The European Union's proposals to formalise the control of benchmark rates could impose huge liabilities on oil price reporting agencies, according to a Reuters report.
The agencies are currently under renewed scrutiny after the offices of oil majors Shell, BP and Norway's Statoil and lead price publisher Platts had been raided by the European Commission as part of its investigation into alleged rigging of oil prices in Europe going back more than a decade. The rates of petrol and other oil and biofuel-related products are calculated based on a number of benchmarks such as Brent crude.
Under the proposals drawn up by Brussels to boost the "integrity" of critical benchmarks following the Libor scandal, the administration of the key rates would come under the European Securities and Markets Authority (ESMA), based in Paris.
The commission recommends moving direct supervision of Libor, Euribor and benchmarks for oil and gold from London to Paris. The proposal is due to be presented in summer.
"This is heavy-handed regulation, and if it's applied as written, it will make oil price reporting unworkable," Reuters quoted "a senior oil industry source" as saying.
"These rules were designed for Libor and have nothing to do with open markets."
Reporting agencies including Platts, a unit of McGraw Hill and smaller rivals Argus Media and Reed Elsevier unit ICIS provide oil price assessments to clients, which are used as benchmarks to settle physical and derivative deals worth billions in a $2.5tn (£1.60tn) market.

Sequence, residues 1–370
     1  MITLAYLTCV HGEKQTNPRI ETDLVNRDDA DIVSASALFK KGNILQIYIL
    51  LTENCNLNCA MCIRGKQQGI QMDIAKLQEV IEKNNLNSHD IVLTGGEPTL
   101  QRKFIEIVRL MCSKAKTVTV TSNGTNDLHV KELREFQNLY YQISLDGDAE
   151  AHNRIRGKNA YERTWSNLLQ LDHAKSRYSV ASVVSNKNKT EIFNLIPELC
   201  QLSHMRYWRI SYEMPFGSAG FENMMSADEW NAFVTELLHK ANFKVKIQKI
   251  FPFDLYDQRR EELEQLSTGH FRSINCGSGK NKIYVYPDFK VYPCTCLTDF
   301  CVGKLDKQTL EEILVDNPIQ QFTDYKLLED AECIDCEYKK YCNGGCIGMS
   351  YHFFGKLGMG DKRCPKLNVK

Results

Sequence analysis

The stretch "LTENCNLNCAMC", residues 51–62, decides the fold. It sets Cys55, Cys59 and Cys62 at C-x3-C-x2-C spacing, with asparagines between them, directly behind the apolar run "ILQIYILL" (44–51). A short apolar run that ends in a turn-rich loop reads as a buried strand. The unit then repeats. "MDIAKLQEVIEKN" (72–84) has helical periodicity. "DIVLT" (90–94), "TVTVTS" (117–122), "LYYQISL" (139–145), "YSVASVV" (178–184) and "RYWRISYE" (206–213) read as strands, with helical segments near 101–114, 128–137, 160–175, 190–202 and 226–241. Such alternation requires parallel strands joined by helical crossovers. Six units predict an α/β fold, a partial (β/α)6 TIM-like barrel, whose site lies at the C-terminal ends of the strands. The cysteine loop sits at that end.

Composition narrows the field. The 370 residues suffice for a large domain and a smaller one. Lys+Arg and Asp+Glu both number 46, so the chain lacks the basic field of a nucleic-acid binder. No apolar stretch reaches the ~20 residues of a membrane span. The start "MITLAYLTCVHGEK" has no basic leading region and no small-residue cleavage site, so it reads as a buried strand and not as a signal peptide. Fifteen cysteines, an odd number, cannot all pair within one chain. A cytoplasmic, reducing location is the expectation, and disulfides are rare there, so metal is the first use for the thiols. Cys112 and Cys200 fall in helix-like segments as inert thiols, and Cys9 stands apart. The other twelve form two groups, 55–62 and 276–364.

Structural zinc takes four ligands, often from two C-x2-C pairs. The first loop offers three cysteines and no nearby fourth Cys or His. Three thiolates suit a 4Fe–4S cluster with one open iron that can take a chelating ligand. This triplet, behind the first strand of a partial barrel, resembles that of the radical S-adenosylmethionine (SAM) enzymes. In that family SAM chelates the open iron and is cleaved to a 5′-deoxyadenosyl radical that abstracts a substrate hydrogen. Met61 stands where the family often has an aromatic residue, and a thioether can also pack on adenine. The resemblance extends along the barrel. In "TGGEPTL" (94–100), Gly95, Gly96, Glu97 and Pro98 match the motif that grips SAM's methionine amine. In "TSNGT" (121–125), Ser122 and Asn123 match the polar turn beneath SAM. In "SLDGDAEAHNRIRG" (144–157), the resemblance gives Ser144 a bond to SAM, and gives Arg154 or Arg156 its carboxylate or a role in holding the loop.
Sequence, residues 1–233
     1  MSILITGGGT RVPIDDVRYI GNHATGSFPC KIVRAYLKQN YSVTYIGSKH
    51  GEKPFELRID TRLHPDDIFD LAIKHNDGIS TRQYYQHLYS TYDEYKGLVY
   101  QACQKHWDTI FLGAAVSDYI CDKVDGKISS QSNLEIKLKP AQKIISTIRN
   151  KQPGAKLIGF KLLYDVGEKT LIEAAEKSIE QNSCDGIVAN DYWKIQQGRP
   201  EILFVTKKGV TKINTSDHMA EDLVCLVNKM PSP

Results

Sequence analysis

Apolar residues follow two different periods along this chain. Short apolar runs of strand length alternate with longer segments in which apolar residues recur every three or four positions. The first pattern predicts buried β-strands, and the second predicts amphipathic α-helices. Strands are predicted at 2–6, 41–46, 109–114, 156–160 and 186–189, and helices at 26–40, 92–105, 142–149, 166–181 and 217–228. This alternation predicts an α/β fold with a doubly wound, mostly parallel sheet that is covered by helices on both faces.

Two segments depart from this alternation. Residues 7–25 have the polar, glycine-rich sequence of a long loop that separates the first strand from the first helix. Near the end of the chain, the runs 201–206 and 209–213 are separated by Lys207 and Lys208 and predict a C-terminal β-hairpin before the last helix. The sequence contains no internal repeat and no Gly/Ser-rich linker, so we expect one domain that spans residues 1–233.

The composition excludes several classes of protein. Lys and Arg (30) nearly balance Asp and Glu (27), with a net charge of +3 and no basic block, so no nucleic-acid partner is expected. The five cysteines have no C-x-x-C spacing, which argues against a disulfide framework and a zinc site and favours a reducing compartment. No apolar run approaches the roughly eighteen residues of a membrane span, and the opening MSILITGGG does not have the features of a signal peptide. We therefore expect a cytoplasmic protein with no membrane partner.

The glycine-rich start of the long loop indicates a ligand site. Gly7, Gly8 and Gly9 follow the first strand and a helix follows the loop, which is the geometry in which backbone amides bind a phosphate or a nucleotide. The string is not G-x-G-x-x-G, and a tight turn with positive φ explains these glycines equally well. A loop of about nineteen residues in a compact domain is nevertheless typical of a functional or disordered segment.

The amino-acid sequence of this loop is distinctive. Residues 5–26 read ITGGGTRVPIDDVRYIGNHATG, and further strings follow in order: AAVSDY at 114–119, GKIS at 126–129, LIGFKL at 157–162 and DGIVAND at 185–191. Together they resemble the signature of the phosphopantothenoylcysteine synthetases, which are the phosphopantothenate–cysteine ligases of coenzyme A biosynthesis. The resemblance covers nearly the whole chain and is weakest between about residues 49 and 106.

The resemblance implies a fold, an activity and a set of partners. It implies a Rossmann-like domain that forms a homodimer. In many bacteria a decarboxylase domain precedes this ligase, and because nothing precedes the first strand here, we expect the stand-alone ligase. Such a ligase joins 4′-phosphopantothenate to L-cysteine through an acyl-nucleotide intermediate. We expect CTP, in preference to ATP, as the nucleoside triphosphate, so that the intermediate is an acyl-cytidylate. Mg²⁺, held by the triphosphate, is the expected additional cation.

Some of the agencies noted that the new proposals could discourage participants from price reporting. They argued that commodities markets are very different from the financial rates market and should be exempt from external oversight and new regulations.
"We are wary of any measures that could discourage participation in the price reporting process, inadvertently reversing the progress made in recent years in promoting transparency of pricing in energy and other commodity markets," a Platts spokeswoman told Retuers.
In addition, the new proposals have a provision for energy companies to sue a reporting agency if it has made a mistake in its assessment. The agencies were concerned about the provision and noted that the prices are provided "for information purposes" and the market has to use them at its own risk.
In its proposals, the EU also underlines the need for a legal agreement between data suppliers and benchmark providers, which the agencies think would make the oil companies reluctant to supply any data to them.
At the same time, oil companies may also find the proposed rules unfeasible as they are unlikely to sign any binding agreement regarding how they submit data, the industry sources told Reuters.
The agencies also suggested that the EU has to adopt proposals regarding practices of rate setting put forward by the International Organisation of Securities Commissions.